Adam Westbrook // ideas on digital storytelling and publishing

That Russell Brand speech in full

Posted in News and that by Adam Westbrook on September 8, 2008

So old Russer hosty-wosted the MTV VMA’s last night, despite being a virtual unknown Stateside. Caused a few upsets though, mixing sex and politics, when we know only Sarah Palin’s daughter’s allowed to do that.

Enough wise-cracks from me, here’s what the man with the massive mullet said:

On the US elections:

“As a representative of the global community, a visitor from abroad, I don’t want to come across a little bit biased, but could I please ask of you, people of America, please elect Barack Obama, please, on behalf of the world.

“Some people, I think they’re called racists, say America is not ready for a black president.

“But I know America to be a forward thinking country because otherwise why would you have let that retard and cowboy fella be president for eight years.

“We were very impressed. We thought it was nice of you to let him have a go, because, in England, he wouldn’t be trusted with a pair of scissors.”

On Sarah Palin’s daugher Bristol:

“That is the safe sex message of all time. Use a condom or become a Republican!”

On himself:

“…a little sex once and a while never hurt anybody.”

“I’m famous in the United Kingdom. My persona don’t really work without fame. Without fame, this haircut could be mistaken for mental illness.”

Meanwhile at the other end of the country, another Brit was making a big impression in America. Misery guts Andy Murray got through to the final of the US Open. Very cool. But incidentally I was talking to people on the street in the UK today and the phrase “couldn’t give a toss” was an oft repeated one.

I wonder then, which Brit made the biggest impression on the US of A last night?

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Tout-mange

Posted in Broadcasting and Media by Adam Westbrook on April 16, 2007

EscargotWith still a week to go until the French go to the polls and the networks’ attempts to bring the election to life has already grown tres thin; never before has there been such a thin selection of ideas – and parading of such gross stereotypes.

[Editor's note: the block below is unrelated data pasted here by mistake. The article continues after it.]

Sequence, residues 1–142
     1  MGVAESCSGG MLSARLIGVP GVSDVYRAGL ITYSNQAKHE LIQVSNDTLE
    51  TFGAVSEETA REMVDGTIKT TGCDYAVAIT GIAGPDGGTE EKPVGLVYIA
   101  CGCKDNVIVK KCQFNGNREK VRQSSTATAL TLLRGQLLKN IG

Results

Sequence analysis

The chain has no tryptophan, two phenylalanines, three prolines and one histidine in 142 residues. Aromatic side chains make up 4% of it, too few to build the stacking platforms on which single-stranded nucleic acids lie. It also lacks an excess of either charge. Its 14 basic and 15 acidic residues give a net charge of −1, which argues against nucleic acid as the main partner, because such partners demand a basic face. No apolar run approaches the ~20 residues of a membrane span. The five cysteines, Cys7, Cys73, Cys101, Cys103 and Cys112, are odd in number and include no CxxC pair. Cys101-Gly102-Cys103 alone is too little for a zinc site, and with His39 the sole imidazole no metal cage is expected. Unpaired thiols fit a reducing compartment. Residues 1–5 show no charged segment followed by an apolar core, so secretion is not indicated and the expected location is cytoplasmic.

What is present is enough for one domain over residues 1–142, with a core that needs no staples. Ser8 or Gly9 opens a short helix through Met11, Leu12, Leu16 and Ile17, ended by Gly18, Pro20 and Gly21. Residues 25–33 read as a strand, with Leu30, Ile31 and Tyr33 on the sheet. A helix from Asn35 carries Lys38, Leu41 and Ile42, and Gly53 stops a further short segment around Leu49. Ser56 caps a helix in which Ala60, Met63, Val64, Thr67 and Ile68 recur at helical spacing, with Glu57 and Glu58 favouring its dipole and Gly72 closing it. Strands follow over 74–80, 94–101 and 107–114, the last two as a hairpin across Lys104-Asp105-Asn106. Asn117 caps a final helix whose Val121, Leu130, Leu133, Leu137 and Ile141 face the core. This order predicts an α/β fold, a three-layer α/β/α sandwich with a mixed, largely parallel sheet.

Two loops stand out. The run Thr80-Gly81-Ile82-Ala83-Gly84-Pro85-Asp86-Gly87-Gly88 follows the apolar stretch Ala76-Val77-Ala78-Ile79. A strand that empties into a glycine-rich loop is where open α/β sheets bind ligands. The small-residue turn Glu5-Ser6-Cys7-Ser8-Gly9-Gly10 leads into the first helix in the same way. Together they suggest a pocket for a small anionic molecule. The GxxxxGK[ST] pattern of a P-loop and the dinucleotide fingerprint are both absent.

You see, for many top correspondents assigned to cover the elections, the truly unpredictable battle between right and left, Sego and Sarky, just months after riots in Paris…. is actually a chance for a leisurely promenade through the delights of rural France in the spring.

Robin Oakley, CNNAs Charles De Gaulle once said,” ponders CNN’s European Political Editor and Harry Enfield’s dad Robin Oakley at the top of a package today, “‘How can you govern a country which has 243 different types of cheese?‘”

That’s right: for the top hacks in Paris this week, it’s all about the food.

Every report I’ve seen about the upcoming vote, and the social debates behind it has been set in a food factory.

So the BBC’s Jon Sopel started off News 24’s coverage last week sitting in a cafe in Dijion. For no apparent reason it seems, other than it was sunny and nice looking. And to begin us on our journey through racial tensions and mass unemployment, let’s go visit a mustard factory. Jees.

Meanwhile back with CNN’s Robin Oakley who took us for a grand Keith Floyd style meander through the vinyards of Bordeaux on Friday, and thought to mention the elections at least once or twice.

And after what was clearly a tough weekend of eating food, he was back today reporting from….a patisserie.

Expect great insight throughout the week from Jon Snow, petite pain in hand and Peter Snow illustrating the split of the parliament on the side of a wheel of Brie.